“Damn that!” I screamed out loud, shivering and cold there on that bench. “In the old days we only rode silver or anodized trucks, and even then we ground them down to the axle until they barked for mercy at every grind!” I gently wept for the days of trucks gone past.

A yuppie couple passed me, and the man put a dollar in my hand, telling me it would be all right. “You think so?” I growled, spittle spraying at them as they backed up. “Bob says that kids don’t buy a truck because it’s a great truck¿they buy it because it goes along with the deck they’re buying!”

The yuppie man crouched down like an angry cat and informed me he had a yellow belt in ninjitsu, and he would break my back like a twig if I didn’t stop my rant and step away from the lady.

“You think I want the girl?” I asked. “My friend at Webb says it’s a nightmare dealing with all the little intricacies of making trucks. Jesus! Venture Keith says kids want light trucks that turn well, and he busts his ass trying to make a good product that he¿as a skater¿would want to ride. Then Bob talks about color matching like Martha Stewart, and he sells a heap of trucks!”

“If Titan sells a lot of trucks, perhaps the rest of the industry should take notice and see who he appeals to. They need to adapt,” the lady said.

“Damn your black heart!” I said. “Don’t try to make sense of this¿this is the truck industry. A lot of people don’t want to change the old ways.”

The yuppie man wanted his dollar back. I told him I’d give his uptight Yuppie-ass the dollar if he could answer a single question: Who made the first wide skateboard truck?

“Larry Balma¿Tracker trucks, 1974,” he said smugly. “Give me my buck back. I used to skate in the early 80s.”

I licked the dollar bill, and the lady called me gross and pulled her boyfriend away. They walked off down the street. Well, he was right, it was Balma. And I had made a buck. The night was looking better.

Way back in 1974, Tracker Larry made a 4.25-inch-wide truck, more than twice as wide as the standard roller-skate/skateboard truck of the time. Back then trucks were less than two-inches wide. He concluded that his wider truck would turn better and be able pril of this year. Vinnie also owns Area 51, a skate shop in Los Angeles; he asked kids who hang out there what they wanted in a truck, and all of them yapped about weight and color. “They didn’t care about how the damn thing functioned,” said Vinnie. “I couldn’t believe it!”

The truck with the prettiest colors would have to be the Titan Ti-Lite. The Ti-Lite is also the only major truck to be made overseas. But, like my paper blanket, it has had some problems. Phil at Precision stopped carrying them all together, even though they sold well. “They gave me a bunch of headaches,” he said. “The kingpins kept stripping. They’d send me extra kingpins, but it takes half an hour to hacksaw the old one off. I don’t have to deal with that kind of crap with other trucks.” Bob MacKay at Titan said the the company solved that problem, and the new ones are fine.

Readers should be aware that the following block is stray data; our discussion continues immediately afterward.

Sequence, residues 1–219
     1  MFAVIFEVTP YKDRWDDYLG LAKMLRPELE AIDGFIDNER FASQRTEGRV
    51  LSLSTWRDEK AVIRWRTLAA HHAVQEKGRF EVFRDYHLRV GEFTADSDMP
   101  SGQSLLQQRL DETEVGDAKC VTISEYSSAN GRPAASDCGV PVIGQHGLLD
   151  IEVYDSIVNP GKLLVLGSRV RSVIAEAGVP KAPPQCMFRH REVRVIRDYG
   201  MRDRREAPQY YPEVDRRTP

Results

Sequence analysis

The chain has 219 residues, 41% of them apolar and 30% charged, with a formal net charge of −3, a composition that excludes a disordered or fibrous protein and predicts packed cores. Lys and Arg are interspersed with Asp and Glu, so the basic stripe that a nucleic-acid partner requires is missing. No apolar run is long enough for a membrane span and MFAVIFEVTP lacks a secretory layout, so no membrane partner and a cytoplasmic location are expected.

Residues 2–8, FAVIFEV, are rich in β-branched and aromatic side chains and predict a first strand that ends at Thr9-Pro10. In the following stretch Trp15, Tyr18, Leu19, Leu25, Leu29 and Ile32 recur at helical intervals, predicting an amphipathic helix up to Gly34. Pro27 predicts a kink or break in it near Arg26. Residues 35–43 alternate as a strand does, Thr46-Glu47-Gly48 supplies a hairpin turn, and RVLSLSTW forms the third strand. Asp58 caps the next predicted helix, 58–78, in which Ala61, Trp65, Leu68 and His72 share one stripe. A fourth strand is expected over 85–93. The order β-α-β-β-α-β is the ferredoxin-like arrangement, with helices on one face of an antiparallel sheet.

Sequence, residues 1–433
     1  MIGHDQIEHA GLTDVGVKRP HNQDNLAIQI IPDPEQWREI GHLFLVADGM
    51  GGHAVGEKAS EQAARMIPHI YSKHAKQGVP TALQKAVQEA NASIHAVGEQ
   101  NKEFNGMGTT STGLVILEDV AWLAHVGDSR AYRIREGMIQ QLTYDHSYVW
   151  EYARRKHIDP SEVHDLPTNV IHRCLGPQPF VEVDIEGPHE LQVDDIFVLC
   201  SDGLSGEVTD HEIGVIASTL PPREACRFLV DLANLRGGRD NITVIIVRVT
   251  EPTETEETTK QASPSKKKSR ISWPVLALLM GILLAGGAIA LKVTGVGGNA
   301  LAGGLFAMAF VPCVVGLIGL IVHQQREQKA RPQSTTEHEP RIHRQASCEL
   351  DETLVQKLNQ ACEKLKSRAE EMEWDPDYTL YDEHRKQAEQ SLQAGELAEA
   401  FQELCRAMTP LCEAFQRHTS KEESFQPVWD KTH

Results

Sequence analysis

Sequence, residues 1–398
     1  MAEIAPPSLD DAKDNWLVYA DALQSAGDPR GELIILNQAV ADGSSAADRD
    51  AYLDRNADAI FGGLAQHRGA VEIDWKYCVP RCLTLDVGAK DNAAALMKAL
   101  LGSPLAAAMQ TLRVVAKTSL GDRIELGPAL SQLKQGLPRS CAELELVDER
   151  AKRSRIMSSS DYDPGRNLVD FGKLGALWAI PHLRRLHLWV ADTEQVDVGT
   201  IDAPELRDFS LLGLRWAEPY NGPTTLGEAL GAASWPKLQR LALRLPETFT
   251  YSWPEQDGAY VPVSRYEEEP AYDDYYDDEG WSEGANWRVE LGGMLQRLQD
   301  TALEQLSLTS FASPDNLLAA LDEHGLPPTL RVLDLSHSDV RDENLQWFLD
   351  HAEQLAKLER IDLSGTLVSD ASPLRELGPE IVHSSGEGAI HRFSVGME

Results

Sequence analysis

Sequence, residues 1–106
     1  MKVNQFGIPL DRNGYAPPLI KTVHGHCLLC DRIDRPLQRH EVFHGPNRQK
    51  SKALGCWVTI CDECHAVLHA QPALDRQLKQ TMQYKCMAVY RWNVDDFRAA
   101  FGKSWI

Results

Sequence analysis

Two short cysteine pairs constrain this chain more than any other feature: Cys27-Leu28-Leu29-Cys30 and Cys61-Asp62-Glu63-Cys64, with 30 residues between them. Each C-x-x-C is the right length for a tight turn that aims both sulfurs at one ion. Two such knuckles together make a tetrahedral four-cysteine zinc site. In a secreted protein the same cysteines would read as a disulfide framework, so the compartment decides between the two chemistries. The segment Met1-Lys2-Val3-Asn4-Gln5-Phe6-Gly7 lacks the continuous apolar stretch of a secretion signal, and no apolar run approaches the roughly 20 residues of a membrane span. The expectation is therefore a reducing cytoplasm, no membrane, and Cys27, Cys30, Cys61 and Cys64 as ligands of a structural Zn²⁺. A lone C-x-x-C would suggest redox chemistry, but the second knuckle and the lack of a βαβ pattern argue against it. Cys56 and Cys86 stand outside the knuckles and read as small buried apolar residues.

Titan started in December 1996 with no skate team. Bob said, “Some companies just want to deal with the pro people. That’s only about eight percent of the market. There’s 92 percent of the rest of the people skating.” Even though Bob has sponsored some of the “pro people,” he couldn’t remember exactly whom when we talked. He also called copers grindplates, so I have a suspicion that Bob doesn’t skate, as the majority of the other truck manufacturers do (or did).

The newspapers had all blown off of me. I tried to picture myself covered with a pretty blanket. Titan Bob also said that skaters like color coordinating their trucks to their boards. “Skateboards have bright colors. You might have a board that is prominently orange or red or blue. If you put a corresponding color truck to that, it looks absolutely dynamite.”

“Damn that!” I screamed out loud, shivering and cold there on that bench. “In the old days we only rode silver or anodized trucks, and even then we ground them down to the axle until they barked for mercy at every grind!” I gently wept for the days of trucks gone past.

A yuppie couple passed me, and the man put a dollar in my hand, telling me it would be all right. “You think so?” I growled, spittle spraying at them as they backed up. “Bob says that kids don’t buy a truck because it’s a great truck¿they buy it because it goes along with the deck they’re buying!”

The yuppie man crouched down like an angry cat and informed me he had a yellow belt in ninjitsu, and he would break my back like a twig if I didn’t stop my rant and step away from the lady.

“You think I want the girl?” I asked. “My friend at Webb says it’s a nightmare dealing with all the little intricacies of making trucks. Jesus! Venture Keith says kids want light trucks that turn well, and he busts his ass trying to make a good product that he¿as a skater¿would want to ride. Then Bob talks about color matching like Martha Stewart, and he sells a heap of trucks!”